STANFORD, Calif. (AP) -- Alanna Smith had already left for her flight across the world to join Stanford's basketball team, so she never saw her mother's tears as the freshman departed Australia by herself.
Smith unintentionally made history the moment she stepped on campus.
Amazingly, she is the first international recruit ever for the Cardinal women's program, even after all of those talented squads in recent decades playing for Hall of Fame coach Tara VanDerveer.
"It was the hardest for my mom to let me go," Smith recalled of the emotional goodbye almost three months ago. "But it's been a goal of mine for quite a while now. My uncle went to college in California and it's been stuck in my head that I wanted to go to college here."
It has been daunting at times how much she has to learn, adjusting to a new level, new rules and even popular foreign phrases -- "tailgating" tripped her up not long ago.
Or, there's "bear-hugging" while playing post defense. "Which we call half-fronting," Smith explained during a recent sitdown in Jimmy V's Sports Cafe on campus.
And, somehow, this fortunate freshman got through her first quarter of college without a single final exam next month, just two final papers, to which she notes, "I'm very, very lucky."
"It is hard to believe Alanna is our first international player," VanDerveer said. "She is a gem."
"It seems crazy to me as well," Smith said. "I'm surprised there haven't been any international recruits here, but it is getting a lot bigger. This year, so many Australians have gone to college that I know."
She visited Wake Forest and Texas before settling on Stanford -- not a difficult call given the coach, academic reputation and the great weather and culture in Northern California.
Smith had a good feeling about her choice from the start.
"The team is so welcoming. They're my family now. It's been a lot of fun getting to know them," she said. "It's been really cool just being here and experiencing it all."
Now, she just hopes to get to a Golden State Warriors game soon to watch Aussie center and NBA champion Andrew Bogut.
Her parents know their daughter is in good hands.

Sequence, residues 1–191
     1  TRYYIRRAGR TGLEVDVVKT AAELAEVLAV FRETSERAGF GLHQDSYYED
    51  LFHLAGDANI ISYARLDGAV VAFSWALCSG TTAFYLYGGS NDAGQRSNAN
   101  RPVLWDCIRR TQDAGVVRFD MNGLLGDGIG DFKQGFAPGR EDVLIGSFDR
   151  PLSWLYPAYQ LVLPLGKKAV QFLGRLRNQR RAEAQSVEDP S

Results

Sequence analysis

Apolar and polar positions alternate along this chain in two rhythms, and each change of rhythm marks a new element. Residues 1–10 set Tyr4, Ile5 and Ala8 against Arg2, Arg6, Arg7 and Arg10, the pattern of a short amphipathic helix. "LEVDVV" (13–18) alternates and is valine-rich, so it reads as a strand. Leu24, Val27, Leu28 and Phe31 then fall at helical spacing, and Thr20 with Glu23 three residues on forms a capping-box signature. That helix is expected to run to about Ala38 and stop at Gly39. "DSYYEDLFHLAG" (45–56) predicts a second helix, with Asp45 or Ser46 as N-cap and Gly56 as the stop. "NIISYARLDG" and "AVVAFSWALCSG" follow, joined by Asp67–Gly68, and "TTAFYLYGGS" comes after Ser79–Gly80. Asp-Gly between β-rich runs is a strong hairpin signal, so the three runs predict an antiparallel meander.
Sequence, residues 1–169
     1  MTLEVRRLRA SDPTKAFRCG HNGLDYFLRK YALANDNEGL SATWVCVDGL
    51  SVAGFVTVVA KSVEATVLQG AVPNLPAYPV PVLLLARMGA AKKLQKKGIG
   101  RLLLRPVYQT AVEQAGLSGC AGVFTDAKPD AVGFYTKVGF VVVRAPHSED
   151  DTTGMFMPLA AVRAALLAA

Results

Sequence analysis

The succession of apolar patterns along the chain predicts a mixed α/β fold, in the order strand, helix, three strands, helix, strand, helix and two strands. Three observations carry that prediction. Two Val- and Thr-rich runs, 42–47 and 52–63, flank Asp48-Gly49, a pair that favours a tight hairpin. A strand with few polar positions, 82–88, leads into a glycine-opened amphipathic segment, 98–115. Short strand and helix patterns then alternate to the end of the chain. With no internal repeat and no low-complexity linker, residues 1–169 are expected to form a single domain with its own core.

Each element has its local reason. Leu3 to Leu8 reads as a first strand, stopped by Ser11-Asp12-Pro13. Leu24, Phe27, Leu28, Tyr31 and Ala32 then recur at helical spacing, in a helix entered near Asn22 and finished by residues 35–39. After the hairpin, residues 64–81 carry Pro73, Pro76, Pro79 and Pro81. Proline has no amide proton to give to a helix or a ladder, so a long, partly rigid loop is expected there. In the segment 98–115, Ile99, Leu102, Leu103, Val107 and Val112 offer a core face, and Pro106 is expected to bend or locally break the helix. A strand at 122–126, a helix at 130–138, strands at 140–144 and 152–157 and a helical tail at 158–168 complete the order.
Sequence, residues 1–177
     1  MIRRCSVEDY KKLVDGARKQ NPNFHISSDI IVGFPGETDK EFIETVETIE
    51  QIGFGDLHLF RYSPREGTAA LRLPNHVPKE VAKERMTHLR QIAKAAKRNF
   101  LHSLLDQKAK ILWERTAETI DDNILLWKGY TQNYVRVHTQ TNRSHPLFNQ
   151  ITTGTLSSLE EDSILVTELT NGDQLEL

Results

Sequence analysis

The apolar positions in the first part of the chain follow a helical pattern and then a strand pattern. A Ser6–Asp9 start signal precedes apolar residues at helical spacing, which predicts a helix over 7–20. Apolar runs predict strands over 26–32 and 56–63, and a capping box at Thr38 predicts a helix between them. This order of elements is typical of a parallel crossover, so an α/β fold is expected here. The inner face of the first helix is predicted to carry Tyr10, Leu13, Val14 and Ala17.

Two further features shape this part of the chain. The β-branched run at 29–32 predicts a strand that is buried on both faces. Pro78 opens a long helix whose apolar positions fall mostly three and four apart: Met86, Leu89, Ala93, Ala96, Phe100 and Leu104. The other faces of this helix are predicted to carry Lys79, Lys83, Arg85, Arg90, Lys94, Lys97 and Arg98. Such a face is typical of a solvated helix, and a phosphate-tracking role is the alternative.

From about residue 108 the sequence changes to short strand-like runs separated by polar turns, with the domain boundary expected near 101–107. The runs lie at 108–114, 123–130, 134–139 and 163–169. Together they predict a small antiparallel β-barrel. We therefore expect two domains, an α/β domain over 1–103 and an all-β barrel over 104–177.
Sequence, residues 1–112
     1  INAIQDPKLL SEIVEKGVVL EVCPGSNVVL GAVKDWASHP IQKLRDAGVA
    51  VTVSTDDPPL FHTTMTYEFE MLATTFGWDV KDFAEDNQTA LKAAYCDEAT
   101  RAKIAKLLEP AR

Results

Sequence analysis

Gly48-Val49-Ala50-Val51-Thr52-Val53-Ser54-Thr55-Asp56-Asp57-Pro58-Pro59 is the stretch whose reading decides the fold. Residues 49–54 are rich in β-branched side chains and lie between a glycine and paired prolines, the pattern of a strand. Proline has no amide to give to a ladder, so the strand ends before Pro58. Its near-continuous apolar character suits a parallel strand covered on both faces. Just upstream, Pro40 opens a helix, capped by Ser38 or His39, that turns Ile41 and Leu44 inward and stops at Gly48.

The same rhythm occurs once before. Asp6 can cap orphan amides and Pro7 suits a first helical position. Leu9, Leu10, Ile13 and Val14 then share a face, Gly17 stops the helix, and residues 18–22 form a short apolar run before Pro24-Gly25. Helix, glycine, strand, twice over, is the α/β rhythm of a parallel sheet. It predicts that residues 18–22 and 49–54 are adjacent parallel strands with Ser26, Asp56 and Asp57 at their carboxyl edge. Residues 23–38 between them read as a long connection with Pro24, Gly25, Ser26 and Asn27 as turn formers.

"Both Stanford and Tara have unrivaled reputations in Australia so when Alanna was finally accepted we were ecstatic," Smith's father, Darren, said via email. "And to be the first international student-athlete for the women's basketball program is a significant achievement for Alanna and really shows the next round of kids here in Australia that the pinnacle can be reached, even from halfway across the world."
Her dad will attend some games in December while coaching an Australian junior team on tour in the area.
Coming off a surprising loss to Bay Area neighbor Santa Clara, Smith and the 13th-ranked Cardinal (3-1) were set to play in the Gulf Coast Showcase starting Friday against Missouri State in Estero, Florida.
Smith is averaging nearly 14 minutes per game, scoring 7.3 points and grabbing 2.3 rebounds, and she can shoot the 3.
"The American 3-point line is actually closer than where our 3-point line is in Australia, so that makes it a little bit easier for me shooting a step in," she said. "Now I just have to work on consistency."
VanDerveer nearly had her first international recruit last season. Penina Davidson, a 6-foot-3 forward from New Zealand, had attended Stanford camp and planned to come to school but instead wound up in Berkeley for the rival California women's team after her test scores didn't get her into Stanford. VanDerveer encouraged Golden Bears coach Lindsay Gottlieb to bring her aboard.
So, Smith is the one making her mark on the program's history though her family didn't know it ahead of time. VanDerveer often checks in with the freshman to let her know there's always an open door to the coach's office if anything comes up -- like a pesky cold that slowed her down early in the season.
"There's great talent places other than the U.S. and for our coaching staff to be able to tap into that is pretty cool," junior guard Lili Thompson said. "We're super lucky to have Alanna. She fits into the team great."
After playing in Russia during the summer for the under-19 Australian team, Smith arrived at Stanford in September -- a year after her official visit.
The versatile Smith can play the wing and create mismatches with her height or go down low to the post.
"She has a great feel for the game. It is a huge adjustment for her and it has been tough," VanDerveer said. "She has a great international game -- runs well, puts it on the floor and loves to score. We have some work to do on defense and rebounding."
Smith is eager to accept any coaching along the way as she makes the transition.
"I feel so blessed to be able to have the opportunity to come internationally," Smith said. "I'm just really happy to be here."